Russian Church Stuff
He liked to tell of his experience as a boy seeing his uncle ordained to the priesthood. In the Byzantine service, the deacon is actually covered like a corpse while he lies face down and prostrate on the floor, and then is uncovered and emerges transformed into a priest. (Not that simple, I know, but let's leave it like that just for the sake of brevity.) This was one of his first exposures to the theatrical, but to a transcendent theatrical that would inspire him for the rest of his life.
He would make a sumptuous feast for his friends at Pascha (Orthodox Easter). He was a very good cook, so good that he could cheer up his friend Igor Stravinsky just with the promise of making him a good meal. In fact, a week before Stravinsky died, Balanchine went to visit his friend on his death bed. Stravinsky was barely able to speak at that point, but Balanchine promised to make him some Russian delicacy, and Stravinsky's tortured response, trying to muster enough strength to speak, was, "WHEN?!"
For both Stravinsky and Balanchine, however, both Orthodox Christians, there was a profound sense even in their most innovative work that they were not creating, but rather assembling. Only God creates. The artist has more in common with a craftsman than he does with God. The material is already there. All man does is to put it all together, with God's help.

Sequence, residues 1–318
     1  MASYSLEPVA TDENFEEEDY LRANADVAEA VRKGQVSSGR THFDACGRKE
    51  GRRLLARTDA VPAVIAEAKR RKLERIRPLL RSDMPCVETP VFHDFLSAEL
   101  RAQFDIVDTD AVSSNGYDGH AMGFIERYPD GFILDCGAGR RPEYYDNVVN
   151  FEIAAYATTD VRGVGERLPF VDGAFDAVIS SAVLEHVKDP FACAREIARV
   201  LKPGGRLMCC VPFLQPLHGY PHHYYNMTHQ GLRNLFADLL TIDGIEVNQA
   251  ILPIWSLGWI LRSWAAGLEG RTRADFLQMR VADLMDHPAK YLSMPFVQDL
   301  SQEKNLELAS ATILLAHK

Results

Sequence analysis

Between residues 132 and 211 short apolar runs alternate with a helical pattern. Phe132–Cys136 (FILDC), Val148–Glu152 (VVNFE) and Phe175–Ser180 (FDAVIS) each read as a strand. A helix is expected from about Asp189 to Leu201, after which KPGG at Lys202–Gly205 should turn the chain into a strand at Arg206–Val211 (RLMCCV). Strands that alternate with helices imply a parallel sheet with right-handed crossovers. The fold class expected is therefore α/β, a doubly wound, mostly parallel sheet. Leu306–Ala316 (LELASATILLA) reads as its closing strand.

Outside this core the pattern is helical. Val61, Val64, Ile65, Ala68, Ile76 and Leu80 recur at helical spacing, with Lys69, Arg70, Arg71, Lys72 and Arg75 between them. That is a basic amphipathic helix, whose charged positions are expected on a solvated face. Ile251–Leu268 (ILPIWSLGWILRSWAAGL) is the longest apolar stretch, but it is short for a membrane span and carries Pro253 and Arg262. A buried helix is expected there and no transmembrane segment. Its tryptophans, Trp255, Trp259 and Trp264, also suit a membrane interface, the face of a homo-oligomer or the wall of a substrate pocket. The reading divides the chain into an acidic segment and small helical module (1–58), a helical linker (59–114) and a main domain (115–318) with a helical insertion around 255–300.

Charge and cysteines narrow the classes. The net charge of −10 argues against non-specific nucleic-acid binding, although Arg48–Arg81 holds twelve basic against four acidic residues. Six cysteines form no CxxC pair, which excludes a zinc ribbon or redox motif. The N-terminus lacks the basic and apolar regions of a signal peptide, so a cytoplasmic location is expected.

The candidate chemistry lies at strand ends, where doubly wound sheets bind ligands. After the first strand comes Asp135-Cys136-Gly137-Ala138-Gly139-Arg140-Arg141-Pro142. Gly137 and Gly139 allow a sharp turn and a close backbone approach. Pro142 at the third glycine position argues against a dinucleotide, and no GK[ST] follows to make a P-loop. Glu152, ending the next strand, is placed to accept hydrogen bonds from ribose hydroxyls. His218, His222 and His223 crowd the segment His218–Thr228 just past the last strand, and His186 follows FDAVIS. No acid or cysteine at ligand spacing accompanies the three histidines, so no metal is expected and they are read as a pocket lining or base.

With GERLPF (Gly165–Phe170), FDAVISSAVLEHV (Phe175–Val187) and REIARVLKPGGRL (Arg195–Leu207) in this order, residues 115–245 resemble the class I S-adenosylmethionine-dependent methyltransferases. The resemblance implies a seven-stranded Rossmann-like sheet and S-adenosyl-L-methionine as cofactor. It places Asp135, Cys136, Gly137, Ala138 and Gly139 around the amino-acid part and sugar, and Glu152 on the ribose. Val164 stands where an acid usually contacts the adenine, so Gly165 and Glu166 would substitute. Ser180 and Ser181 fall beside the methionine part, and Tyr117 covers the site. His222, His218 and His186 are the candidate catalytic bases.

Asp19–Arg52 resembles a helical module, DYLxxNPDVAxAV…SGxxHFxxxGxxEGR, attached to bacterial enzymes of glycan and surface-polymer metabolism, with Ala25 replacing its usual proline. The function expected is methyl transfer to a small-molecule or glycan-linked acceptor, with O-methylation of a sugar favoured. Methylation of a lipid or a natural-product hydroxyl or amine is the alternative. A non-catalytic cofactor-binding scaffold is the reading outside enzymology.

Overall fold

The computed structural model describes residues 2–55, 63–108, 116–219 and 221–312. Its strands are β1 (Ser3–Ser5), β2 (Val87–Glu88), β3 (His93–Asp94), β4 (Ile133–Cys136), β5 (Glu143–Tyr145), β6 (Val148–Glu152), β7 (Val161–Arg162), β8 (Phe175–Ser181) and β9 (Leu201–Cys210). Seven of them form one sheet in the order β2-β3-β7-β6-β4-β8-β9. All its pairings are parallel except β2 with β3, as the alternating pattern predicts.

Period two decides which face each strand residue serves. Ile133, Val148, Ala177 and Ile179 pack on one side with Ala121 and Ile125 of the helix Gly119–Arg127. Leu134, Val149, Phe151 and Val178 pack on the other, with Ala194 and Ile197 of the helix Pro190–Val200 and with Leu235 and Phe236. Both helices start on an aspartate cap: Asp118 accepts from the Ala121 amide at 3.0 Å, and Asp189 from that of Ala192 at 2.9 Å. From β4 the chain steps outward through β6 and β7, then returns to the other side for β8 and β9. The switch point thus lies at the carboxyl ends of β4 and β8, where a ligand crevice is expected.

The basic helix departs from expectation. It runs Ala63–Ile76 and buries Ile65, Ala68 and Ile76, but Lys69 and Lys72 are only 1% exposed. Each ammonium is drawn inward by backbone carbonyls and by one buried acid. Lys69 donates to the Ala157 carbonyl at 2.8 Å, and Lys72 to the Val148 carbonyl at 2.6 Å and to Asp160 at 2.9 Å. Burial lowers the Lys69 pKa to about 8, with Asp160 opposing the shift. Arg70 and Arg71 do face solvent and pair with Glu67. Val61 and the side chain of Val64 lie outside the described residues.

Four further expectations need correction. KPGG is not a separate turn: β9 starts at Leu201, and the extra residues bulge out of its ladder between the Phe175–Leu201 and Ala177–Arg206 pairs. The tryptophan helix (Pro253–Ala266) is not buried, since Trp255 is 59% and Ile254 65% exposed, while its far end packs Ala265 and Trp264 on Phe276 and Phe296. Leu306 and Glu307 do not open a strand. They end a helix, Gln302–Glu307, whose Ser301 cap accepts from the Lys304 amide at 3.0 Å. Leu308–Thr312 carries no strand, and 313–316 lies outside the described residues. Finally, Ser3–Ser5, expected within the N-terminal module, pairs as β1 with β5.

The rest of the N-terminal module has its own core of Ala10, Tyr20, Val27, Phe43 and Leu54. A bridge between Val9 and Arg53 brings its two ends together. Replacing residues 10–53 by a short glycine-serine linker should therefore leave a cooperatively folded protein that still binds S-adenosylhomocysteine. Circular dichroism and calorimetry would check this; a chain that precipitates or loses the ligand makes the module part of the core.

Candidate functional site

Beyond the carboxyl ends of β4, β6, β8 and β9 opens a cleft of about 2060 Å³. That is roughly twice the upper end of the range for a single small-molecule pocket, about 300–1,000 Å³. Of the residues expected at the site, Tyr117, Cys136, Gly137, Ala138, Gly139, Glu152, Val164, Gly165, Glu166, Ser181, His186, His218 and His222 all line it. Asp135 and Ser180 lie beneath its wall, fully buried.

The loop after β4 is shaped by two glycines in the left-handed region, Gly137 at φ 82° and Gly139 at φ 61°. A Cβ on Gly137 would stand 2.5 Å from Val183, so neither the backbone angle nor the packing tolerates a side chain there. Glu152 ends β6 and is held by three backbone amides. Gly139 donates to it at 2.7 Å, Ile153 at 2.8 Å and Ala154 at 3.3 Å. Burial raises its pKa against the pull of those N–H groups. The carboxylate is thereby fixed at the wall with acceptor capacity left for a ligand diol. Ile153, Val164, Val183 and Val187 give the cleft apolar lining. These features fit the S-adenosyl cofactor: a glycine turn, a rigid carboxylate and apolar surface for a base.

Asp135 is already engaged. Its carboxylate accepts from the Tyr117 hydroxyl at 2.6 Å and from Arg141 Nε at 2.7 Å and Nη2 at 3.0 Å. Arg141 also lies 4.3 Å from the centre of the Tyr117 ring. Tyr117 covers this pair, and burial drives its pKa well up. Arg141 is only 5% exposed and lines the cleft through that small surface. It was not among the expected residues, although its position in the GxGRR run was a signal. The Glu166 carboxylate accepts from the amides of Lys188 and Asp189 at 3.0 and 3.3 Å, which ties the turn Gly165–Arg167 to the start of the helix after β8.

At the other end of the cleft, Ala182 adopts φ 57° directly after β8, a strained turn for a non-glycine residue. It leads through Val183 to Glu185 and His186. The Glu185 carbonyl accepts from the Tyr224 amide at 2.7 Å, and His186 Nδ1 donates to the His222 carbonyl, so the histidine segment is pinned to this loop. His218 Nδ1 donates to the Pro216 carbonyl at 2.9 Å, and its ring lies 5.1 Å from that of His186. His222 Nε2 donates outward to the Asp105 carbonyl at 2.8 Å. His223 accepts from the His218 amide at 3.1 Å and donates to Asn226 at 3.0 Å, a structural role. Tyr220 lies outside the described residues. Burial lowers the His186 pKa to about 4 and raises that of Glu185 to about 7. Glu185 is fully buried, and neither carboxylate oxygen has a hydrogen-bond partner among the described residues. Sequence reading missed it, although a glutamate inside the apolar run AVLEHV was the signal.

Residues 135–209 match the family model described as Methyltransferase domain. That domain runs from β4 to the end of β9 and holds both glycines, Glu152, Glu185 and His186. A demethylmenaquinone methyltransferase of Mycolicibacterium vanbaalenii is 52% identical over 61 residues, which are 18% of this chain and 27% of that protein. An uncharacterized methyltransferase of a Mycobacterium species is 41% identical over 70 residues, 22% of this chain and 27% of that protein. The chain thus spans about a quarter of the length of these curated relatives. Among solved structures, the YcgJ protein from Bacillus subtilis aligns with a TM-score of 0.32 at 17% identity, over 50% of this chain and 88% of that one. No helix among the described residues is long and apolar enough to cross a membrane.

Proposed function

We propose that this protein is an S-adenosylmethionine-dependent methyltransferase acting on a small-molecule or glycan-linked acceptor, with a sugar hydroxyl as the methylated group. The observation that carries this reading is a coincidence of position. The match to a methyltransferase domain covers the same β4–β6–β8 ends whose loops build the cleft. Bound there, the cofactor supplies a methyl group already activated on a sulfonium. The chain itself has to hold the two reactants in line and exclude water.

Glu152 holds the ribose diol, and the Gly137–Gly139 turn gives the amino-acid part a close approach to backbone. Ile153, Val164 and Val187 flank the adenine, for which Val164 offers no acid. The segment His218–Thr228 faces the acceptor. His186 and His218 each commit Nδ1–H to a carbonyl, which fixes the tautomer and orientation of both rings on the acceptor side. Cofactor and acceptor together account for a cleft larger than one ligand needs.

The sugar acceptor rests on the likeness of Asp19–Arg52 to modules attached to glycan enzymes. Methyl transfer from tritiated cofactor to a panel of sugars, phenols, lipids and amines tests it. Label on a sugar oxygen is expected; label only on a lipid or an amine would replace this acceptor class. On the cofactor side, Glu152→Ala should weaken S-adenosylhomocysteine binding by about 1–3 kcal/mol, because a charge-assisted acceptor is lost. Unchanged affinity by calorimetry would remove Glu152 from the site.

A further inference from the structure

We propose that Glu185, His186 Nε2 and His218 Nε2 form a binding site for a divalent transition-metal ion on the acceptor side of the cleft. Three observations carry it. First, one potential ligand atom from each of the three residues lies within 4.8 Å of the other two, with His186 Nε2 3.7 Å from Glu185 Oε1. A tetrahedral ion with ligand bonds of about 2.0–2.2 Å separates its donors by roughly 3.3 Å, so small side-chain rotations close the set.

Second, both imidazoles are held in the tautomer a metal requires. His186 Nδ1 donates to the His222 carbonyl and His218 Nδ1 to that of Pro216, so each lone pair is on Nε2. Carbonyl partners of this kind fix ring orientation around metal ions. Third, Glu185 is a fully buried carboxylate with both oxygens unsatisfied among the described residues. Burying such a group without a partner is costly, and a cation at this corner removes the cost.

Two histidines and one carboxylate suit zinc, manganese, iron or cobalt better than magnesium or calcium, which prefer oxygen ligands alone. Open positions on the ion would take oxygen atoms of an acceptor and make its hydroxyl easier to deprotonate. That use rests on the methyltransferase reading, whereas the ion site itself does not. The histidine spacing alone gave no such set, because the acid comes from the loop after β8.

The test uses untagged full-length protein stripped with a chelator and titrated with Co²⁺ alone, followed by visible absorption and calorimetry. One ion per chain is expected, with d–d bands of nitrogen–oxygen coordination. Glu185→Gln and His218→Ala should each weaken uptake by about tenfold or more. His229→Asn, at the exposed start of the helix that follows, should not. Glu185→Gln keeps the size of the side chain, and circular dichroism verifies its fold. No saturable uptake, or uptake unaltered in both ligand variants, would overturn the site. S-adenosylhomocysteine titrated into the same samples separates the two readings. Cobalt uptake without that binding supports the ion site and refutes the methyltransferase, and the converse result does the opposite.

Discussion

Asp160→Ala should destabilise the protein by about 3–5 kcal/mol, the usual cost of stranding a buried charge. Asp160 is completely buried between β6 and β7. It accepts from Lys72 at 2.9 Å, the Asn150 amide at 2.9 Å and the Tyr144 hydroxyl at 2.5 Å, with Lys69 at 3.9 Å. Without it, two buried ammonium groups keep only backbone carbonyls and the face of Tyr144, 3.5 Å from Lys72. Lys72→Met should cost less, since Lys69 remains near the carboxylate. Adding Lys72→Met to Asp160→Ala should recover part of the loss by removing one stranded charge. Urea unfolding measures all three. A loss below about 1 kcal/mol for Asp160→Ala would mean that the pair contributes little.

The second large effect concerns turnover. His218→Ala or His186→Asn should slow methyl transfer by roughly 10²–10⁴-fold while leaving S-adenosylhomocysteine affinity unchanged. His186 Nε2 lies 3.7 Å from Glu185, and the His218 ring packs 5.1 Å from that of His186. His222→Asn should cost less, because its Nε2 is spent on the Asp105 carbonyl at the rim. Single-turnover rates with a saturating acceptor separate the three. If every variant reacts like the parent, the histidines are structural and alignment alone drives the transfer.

The Russian Church, and thus the Russian soul, has given me a keen sense of the beautiful. There was a time in my life I spent more time in Russian Orthodox churches than I did in any other kind of church. The beauty, objectivity, and seriousness of what goes on at an All-Night Vigil or Divine Liturgy can transform you if you let it do so. Most of the time the services were all in Old Slavonic, but I really did absorb much of it like a sponge.
I will always be a foreigner there, but it was beautiful while it lasted. That is why I say sometimes that the Orthodox liturgy is almost too beautiful: it's beautiful, but it's not home. In some ways, it will always be theatre to me. But I do like theatre.